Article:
The importance of tour accounting

From the Enterprise team at Leeds College of Music
Keeping track of financial outgoings and income is a basic fundamental for any company or individual across any industry. As an artist on the road, it is easy to forget to look at finances or keep a record of sales. The tour accounting spreadsheet template will hopefully help to keep all of your figures in one place and provide a great set of data to use for future performance dates. Below is a brief explanation of the accompanying template along with some general tips for finances while on tour.
Tour expenses
Here you can collate all of your expenses, broken down by type of expense, and date. This sheet can then calculate the average cost and total expenditure. Include items such as petrol, taxis, hotel rooms, road tolls, daily allowances, venue hire etc.
Tour income
This sheet is laid out in the same way as the previous Tour Expenses sheet, allowing you to list different income streams (e.g. performance fee, t-shirt sales), with it then calculating how much they have generated for each date, as well as in total.
Tour totals
This sheet simply allows you to see the balance between your expenses, and income.

A few tips to consider

  • Keep hold of receipts – this will not only help you keep track of how much you have spent and on what, but will also be useful for your tax return (if applicable).

  • Always have a float for merchandise sales – make sure you have enough money to provide change for any sales you make. Keeping items at simple round figure prices (e.g. £5, £3, £1, etc.) will limit the amount of different coins or notes you will need to carry.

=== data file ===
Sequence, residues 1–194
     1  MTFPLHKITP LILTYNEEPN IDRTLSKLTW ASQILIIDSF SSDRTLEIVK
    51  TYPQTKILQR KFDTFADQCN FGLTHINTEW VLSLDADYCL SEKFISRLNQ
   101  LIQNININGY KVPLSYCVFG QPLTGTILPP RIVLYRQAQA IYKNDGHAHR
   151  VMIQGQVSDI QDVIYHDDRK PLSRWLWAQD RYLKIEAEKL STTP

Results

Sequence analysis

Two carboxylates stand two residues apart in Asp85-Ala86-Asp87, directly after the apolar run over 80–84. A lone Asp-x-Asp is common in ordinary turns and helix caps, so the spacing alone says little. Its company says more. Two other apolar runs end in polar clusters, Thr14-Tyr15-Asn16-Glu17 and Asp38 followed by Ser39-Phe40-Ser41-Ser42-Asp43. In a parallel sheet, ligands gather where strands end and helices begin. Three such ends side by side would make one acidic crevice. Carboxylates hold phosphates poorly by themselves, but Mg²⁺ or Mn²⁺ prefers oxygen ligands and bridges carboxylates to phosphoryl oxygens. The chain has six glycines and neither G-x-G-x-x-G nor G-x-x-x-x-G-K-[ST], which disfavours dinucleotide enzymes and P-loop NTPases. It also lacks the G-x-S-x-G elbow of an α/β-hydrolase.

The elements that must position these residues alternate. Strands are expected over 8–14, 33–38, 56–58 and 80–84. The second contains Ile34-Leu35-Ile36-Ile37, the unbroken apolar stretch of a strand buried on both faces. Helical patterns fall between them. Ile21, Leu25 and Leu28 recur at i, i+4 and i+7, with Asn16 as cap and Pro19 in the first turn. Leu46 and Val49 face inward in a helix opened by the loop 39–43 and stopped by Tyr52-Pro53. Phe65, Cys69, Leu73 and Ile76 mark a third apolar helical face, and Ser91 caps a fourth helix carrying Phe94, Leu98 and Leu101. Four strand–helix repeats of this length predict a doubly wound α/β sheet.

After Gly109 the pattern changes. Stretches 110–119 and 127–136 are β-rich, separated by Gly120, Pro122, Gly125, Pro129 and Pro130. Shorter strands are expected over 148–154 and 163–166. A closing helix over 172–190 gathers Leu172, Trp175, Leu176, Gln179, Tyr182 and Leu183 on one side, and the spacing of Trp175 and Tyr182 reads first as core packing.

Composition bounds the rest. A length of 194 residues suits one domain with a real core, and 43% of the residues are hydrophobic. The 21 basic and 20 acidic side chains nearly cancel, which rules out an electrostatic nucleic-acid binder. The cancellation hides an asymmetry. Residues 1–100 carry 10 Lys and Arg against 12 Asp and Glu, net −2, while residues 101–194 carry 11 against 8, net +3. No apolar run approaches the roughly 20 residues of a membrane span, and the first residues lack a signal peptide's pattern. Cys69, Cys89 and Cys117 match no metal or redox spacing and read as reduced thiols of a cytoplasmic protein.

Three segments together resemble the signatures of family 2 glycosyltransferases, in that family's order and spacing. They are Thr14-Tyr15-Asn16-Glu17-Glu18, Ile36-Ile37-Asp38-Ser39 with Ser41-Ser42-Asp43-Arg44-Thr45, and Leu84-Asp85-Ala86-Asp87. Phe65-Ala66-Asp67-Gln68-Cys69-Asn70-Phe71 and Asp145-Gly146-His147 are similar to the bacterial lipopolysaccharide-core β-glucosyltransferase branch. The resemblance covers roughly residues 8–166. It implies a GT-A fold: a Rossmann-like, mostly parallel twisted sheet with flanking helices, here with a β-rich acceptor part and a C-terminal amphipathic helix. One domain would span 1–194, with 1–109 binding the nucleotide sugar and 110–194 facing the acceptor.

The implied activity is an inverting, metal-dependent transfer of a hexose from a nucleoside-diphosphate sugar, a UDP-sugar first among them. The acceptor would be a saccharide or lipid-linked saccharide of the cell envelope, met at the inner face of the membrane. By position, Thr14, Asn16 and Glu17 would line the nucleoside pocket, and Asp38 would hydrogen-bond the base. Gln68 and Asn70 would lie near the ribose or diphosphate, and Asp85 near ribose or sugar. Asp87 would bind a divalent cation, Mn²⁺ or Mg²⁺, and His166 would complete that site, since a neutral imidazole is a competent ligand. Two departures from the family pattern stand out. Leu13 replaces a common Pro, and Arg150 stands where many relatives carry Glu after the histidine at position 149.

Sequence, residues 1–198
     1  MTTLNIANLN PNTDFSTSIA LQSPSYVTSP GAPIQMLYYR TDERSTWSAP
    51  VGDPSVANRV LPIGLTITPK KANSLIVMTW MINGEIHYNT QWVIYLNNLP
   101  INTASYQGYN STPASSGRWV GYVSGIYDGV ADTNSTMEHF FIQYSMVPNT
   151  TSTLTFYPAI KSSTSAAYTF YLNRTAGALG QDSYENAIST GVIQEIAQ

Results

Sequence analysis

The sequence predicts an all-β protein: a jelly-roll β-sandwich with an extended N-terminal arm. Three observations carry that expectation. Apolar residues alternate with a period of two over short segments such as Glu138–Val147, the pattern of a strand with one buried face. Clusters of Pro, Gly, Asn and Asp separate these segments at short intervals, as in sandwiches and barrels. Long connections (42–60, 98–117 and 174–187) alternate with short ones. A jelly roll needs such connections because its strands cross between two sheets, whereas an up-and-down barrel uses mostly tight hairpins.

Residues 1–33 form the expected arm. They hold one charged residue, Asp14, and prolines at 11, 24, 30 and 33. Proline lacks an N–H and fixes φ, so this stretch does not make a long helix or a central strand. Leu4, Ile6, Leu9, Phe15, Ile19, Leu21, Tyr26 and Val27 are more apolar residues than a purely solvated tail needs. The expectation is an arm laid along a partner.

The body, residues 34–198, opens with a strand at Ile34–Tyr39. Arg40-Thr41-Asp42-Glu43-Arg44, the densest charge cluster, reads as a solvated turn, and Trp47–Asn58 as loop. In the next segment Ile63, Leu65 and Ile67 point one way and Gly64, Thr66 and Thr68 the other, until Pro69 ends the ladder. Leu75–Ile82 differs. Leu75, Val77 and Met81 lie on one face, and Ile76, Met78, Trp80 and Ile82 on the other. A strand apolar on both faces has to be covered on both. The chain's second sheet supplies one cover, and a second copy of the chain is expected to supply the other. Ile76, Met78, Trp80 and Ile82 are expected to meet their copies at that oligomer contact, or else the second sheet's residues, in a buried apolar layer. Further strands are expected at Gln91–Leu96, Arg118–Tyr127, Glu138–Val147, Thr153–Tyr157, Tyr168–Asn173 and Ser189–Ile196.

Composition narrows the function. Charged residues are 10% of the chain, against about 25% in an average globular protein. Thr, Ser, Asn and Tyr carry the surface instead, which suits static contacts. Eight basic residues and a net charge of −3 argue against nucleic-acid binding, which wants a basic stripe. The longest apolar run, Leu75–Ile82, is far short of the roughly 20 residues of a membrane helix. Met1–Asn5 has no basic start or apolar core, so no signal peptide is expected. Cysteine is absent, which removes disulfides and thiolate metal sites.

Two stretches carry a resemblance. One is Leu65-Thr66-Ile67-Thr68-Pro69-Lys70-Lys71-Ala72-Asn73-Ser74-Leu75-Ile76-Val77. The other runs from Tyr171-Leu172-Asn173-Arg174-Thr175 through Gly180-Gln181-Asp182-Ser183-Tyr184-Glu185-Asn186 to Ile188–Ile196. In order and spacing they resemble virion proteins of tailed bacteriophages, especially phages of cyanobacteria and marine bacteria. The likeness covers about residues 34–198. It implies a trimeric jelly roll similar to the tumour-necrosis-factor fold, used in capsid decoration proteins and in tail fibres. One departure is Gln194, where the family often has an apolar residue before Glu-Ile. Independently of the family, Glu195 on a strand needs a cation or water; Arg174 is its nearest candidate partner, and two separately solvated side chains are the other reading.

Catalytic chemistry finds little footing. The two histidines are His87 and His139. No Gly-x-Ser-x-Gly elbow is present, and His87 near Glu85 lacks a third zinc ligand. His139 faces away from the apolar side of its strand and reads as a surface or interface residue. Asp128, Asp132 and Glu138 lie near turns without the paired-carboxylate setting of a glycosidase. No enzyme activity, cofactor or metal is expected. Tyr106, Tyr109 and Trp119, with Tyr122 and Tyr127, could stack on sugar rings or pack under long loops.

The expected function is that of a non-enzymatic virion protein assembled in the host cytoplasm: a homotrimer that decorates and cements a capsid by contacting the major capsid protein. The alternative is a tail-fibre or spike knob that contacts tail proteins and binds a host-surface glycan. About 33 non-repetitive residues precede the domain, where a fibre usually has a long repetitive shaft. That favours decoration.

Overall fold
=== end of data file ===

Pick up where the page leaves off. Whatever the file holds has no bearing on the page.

• Change for parking – perhaps keep this as a separate float to ensure you aren’t caught out when you find that elusive parking spot.

  • Drive economically – by lowering your speed you can gain many more miles per gallon, reducing your spending on fuel. This website has a handy calculator for seeing what the most economic speed is for your vehicle: (

  • Although this isn’t highlighted on the attached template, it is important to know the per unit costs for any merchandise you may sell. For example if you had 200 CDs produced at £360 total, each unit would have cost £1.80. You then know that to break even they would need to be sold to the public for £1.80 minimum. It is useful to note this down as you can then take it in to consideration when calculating income from merchandise.

  • Audience/ticket sales – this is another figure you could add to your spreadsheet and will help you to gauge the success of each performance.

In its simplest form, these spreadsheets will keep a  nancial record of your performance dates. However the data you collect may be much more useful than you initially think. It may be that you can use the data gathered from each tour or live date to plan future dates, as well as things like:

  • Over time being able to use this information to initially estimate costings, allowing you to see how viable your plans are, and whether you can make them more pro table or not.

  • Planning PR campaigns - knowing where you have had the best attendance or most record sales could allow you to target particular cities or areas for regional PR.

  • What of your merchandise lines was the most successful/pro table?

Download the tour accounting spreadsheets to use yourself here.

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